In a decadent script, the composition
Of a down-at-heels refugee rhetorician
With an empty belly, seeking employment,
Cooked up in haste for the drunken enjoyment,
Of some blond princeling whom loot had inclined
To believe that Providence had assigned
To blonds the task of improving mankind.

...Now Mainz appears and starry New Year's Eve
As two-horned Rhine throws off the Latin yoke
To bear the Vandal on his frozen back;
Lo! Danube, now congenial to the Goth,
News not unwelcome to Teutonic shades
And all lamenting beyond Acheron
Demolished Carthage or a plundered Greece:
And now Juturna leaves the river-bed
Of her embittered grievance--loud her song,
Immoderate her joy--for word has come
Of treachery at the Salarian Gate.
Alaric has avenged Turnus...

No, Virgil, no:
Behind your verse so masterfully made
We hear the weeping of a Muse betrayed.
Your Anchises isn't convincing at all:
It's asking too much of us to be told
A shade so long-sighted, a father who knows
That Romulus will build a wall,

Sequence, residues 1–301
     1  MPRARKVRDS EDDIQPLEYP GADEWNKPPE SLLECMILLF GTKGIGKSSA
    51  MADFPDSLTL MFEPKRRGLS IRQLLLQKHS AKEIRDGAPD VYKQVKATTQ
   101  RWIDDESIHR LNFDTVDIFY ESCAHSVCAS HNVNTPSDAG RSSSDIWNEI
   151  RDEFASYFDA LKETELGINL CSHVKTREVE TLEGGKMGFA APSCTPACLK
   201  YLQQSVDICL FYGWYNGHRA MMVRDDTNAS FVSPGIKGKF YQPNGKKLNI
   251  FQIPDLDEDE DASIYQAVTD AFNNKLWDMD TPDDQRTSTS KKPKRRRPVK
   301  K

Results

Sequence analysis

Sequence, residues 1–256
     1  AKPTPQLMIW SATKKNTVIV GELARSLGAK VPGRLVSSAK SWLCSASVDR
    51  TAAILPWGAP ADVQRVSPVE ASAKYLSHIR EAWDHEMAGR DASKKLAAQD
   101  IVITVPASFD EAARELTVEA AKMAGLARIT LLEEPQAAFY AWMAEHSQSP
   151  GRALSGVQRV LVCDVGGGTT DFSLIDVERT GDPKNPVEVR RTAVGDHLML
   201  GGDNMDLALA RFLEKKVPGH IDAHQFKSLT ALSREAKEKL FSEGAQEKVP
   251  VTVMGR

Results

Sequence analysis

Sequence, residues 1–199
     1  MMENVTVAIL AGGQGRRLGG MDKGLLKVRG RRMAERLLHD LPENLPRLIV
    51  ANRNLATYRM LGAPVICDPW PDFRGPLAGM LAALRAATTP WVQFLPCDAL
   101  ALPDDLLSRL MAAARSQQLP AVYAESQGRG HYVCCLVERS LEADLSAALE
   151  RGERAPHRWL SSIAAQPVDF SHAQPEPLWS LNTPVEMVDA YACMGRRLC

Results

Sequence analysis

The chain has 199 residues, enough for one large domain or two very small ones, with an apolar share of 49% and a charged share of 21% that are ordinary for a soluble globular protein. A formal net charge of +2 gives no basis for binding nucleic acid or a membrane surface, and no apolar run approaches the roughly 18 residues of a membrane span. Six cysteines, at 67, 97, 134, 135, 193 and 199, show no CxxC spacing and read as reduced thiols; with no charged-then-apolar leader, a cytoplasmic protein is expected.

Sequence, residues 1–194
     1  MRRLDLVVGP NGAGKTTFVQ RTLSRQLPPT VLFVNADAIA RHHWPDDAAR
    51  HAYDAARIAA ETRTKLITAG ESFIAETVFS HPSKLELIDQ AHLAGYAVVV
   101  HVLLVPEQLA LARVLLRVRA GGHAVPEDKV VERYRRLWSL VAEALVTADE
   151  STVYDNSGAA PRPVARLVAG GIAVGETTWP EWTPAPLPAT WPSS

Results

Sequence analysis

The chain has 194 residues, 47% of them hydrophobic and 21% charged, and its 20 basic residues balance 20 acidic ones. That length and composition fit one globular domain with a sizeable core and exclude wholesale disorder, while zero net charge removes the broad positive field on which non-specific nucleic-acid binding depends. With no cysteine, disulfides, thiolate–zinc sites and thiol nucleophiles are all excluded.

Augustus found an Age of Gold,
And is trying to teach a dutiful son
The love of what will be in the long run,
Would mention them both but not disclose
(Surely no prophet could afford to miss,
No man of destiny fail to enjoy
So clear a proof of Providence as this.)
The names predestined for the Catholic boy
Whom Arian Odovacer will depose.


Anonymous said…
Thank you for posting this poem online!

I wanted to read it in its complete form for my own perusal and for use in my lesson plans on the Aeneid.
Rick said…
Glad it was helpful. It is really worth it to purchase W.H. Auden's Complete Poems. Check it out.
Anonymous said…
Who is the catholic boy and the blond princeling?
Rick said…
The blond princeling stands for any generic Germanic conqueror who may be employing a hack bard to add lines to Virgil. The catholic boy is the last emperor of the Western Roman Empire, Romulus Augustulus. Hence, the irony that Vulcan could predict Romulus and Augustus, but somehow miss the name of Rome's last emperor...
Anonymous said…